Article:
Wolfson Prize 2014

Wolfson Prize 2014

Robbie Kerr awarded Wolfson "Light Bulb" Prize

Robbie Kerr is one of the recipients of a Wolfson “Light Bulb” prizes who submitted a personal entry with James Russell Stoneham.

Download a copy of Robbie & James's entry, The Audacity to Dream Better

Just five “light bulb” prizes were awarded in addition to the shortlist, for good innovations in certain areas of Garden City creation, from nearly 300 organisations and individuals entered the competition. The 2014 Wolfson Economics Prize is a competition seeking the best ideas on how to deliver a new garden city.

Robbie Kerr was selected alongside more well-known names, for his comprehensive and clear ideas on using bond financing mechanisms to fund a whole new city. Although bond finance is already used by a number of developers. The judges commented on his submission, “This submission argues convincingly and concisely for bond finance split into construction and infrastructure bonds, and identifies the potential role that Islamic finance could play.”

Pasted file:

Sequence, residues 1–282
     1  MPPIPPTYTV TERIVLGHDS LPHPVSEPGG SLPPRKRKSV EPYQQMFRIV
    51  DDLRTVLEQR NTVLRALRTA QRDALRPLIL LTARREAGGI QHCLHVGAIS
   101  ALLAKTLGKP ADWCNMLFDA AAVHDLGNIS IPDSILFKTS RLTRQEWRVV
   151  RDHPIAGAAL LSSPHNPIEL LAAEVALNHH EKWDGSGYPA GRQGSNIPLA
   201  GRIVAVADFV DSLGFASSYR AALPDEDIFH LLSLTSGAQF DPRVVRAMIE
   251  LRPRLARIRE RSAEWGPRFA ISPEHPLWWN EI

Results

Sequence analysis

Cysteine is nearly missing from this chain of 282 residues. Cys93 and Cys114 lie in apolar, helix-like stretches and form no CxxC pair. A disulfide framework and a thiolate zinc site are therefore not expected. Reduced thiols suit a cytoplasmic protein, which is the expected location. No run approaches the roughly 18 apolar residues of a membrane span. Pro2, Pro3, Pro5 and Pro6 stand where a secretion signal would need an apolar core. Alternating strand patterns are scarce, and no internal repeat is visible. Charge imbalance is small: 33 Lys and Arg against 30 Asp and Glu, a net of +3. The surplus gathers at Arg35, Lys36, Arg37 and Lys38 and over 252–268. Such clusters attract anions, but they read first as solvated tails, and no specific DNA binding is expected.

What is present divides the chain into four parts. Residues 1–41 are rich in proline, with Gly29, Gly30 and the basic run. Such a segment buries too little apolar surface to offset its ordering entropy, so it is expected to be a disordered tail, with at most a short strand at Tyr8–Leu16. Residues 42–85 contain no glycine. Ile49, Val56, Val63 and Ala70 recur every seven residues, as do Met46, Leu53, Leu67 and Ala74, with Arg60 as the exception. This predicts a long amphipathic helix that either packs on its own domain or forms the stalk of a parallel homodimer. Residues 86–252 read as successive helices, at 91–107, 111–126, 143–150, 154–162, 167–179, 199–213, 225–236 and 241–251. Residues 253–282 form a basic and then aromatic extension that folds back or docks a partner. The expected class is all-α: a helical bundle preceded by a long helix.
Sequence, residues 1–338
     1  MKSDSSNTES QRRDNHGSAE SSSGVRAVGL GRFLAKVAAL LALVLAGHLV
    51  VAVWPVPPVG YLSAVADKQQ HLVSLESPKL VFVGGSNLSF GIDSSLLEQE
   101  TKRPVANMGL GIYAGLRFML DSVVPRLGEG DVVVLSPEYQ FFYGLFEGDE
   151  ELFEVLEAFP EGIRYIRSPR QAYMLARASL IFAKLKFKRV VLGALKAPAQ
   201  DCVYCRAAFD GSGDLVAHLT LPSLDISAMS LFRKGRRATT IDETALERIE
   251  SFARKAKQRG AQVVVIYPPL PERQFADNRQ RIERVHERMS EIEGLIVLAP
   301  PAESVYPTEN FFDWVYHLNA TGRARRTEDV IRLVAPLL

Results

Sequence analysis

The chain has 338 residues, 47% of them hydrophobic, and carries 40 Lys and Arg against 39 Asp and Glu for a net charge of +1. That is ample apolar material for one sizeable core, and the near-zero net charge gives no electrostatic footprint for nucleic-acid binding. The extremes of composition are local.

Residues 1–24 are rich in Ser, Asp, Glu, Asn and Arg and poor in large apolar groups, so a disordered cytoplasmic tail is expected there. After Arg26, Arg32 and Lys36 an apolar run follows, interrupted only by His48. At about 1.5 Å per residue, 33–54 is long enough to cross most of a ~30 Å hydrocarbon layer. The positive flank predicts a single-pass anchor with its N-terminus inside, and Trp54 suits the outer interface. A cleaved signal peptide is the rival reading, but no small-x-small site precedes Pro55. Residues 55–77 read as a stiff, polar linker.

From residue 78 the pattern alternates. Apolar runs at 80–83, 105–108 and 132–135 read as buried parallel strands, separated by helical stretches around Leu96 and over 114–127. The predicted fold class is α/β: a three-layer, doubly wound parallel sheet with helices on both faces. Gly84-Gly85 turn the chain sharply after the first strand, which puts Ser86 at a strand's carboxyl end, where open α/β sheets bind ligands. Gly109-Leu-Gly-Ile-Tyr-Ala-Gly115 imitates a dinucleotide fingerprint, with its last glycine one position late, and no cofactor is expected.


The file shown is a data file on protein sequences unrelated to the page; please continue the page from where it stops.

Robbie Kerr commented on the prize, “This is a very exciting recognition so early in my career and I hope that the work recognised by this prize can continue to shape future projects.”

Robert Adam of ADAM Urbanism said, “We are delighted that Robbie is already making a contribution to new thinking in urban design.”

Other information:

This year’s prize, devised by Next chief executive Lord Wolfson, was designed to generate the best ideas on how to deliver a new garden city in the UK.

Five entrants have been shortlisted for the Wolfson Economics Prize to propose plans for a new UK garden city - Barton Willmore, Chris Blundell, David Rudlin of Urbed, Shelter and Wei Yang & Partners.

Five of those who submitted entries have been awarded £1,000 “light bulb” prizes for particularly good innovations in certain areas of Garden City creation. Recipients of this include the civil servant formerly in charge of Gordon Brown’s eco-towns programme, Henry Cleary, and construction economist Martin Hewes.

More information go to http://www.policyexchange.org.uk/component/zoo/item/wolfson-economics-prize

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